Harvest Inc., one of the nation’s largest marijuana companies, said Friday that it completed a $25.5 million purchase of a Pennsylvania cannabis grower with ties to an associate of Gov. Tom Wolf’s.

Harvest acquired Franklin Labs LLC for $15.5 million in cash and a $10 million promissory note.

Franklin Labs’ board of directors was helmed by John Hanger, a former adviser to Wolf and a onetime gubernatorial candidate. The Reading-based company was one of the first 12 firms to be awarded a permit from the state’s Department of Health to grow medical marijuana.

Harvest’s announcement came the day after it declared it had scuttled an $850 million plan to acquire another marijuana company, Verano Holdings of Chicago.

The Franklin Labs deal includes a 46,800-square-foot cultivation and processing facility in a former Pepsi warehouse in Reading. In a statement, Harvest said it hoped to begin growing and processing “this year during the second quarter.”

Harvest-affiliated entities own and operate five medical marijuana dispensaries in the Keystone State: two in Reading, and one each in Harrisburg, Johnstown, and Scranton. Harvest is headquartered in Arizona.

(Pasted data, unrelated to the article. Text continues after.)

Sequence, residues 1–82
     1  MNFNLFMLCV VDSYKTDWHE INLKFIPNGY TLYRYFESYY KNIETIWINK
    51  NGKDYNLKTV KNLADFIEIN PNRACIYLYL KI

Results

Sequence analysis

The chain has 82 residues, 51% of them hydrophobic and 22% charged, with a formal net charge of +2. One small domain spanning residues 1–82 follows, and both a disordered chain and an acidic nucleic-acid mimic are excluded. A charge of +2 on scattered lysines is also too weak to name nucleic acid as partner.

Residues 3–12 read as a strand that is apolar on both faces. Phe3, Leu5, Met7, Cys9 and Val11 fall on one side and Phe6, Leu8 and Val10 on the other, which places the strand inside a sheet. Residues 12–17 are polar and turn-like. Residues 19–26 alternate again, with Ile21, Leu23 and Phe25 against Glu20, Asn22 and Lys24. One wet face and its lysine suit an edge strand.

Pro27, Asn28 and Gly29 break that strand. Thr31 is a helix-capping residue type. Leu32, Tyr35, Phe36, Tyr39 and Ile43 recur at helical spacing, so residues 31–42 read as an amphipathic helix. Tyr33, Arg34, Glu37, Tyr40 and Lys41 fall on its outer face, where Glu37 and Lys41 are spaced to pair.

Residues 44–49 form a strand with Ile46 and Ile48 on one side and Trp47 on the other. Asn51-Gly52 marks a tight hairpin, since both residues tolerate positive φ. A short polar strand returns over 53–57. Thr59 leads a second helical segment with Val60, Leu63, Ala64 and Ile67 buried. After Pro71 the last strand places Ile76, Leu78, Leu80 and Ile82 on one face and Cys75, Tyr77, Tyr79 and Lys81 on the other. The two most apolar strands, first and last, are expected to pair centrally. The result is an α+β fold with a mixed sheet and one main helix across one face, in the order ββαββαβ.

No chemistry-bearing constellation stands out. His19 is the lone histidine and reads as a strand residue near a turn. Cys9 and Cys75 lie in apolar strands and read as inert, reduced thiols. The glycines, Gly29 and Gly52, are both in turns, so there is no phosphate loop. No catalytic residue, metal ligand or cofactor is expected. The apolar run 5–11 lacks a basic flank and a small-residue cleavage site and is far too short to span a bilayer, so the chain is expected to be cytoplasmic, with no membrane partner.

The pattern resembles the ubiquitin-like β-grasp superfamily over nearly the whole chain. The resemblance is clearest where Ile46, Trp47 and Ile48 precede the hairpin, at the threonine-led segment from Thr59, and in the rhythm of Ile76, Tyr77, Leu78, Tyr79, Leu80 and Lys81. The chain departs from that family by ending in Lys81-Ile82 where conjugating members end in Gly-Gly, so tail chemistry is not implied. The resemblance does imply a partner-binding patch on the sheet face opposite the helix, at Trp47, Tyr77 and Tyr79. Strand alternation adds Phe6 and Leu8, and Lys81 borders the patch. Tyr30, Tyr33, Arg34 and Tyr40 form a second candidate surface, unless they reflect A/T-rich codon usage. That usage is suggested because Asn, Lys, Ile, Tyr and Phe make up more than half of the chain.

About 170,000 Pennsylvanians participate in the state’s highly regulated medical marijuana program.

Harvest has run afoul of regulators several times in Pennsylvania.

The announcement of the acquisition marks the second time that Harvest has attempted to get a foothold on the lucrative Pennsylvania market as a grower. It previously had a management services agreement to operate an Agrimed growing facility in Carmichaels, a small hamlet in southwestern Pennsylvania.

The Agrimed facility was shut down last June after a surprise inspection found serious security lapses. Marijuana plants were missing and security cameras were not functional, as required by state regulators.

Following the inspection, the Department of Health declared it would not renew a permit for a growing facility. The revocation of the permit was believed to be the first of its kind in the nation.

Harvest also was reprimanded by Pennsylvania for not using minority- or female-owned contractors to build dispensaries after it promised in its application to do so.

The Department of Health launched an investigation into Harvest in early 2019 after it boasted in a news release that it held Pennsylvania permits that would allow it to operate 21 dispensaries. State law caps the number of dispensaries that any one marijuana company can operate at 15. Harvest had collected more dispensary permits than allowed because it registered many of its limited liability corporations under slightly different names. However, each of the LLCs officially is headed by Harvest CEO Steve White.

Harvest eventually returned several of its less desirable permits to the state to bring its number of dispensaries in line with the state’s maximum.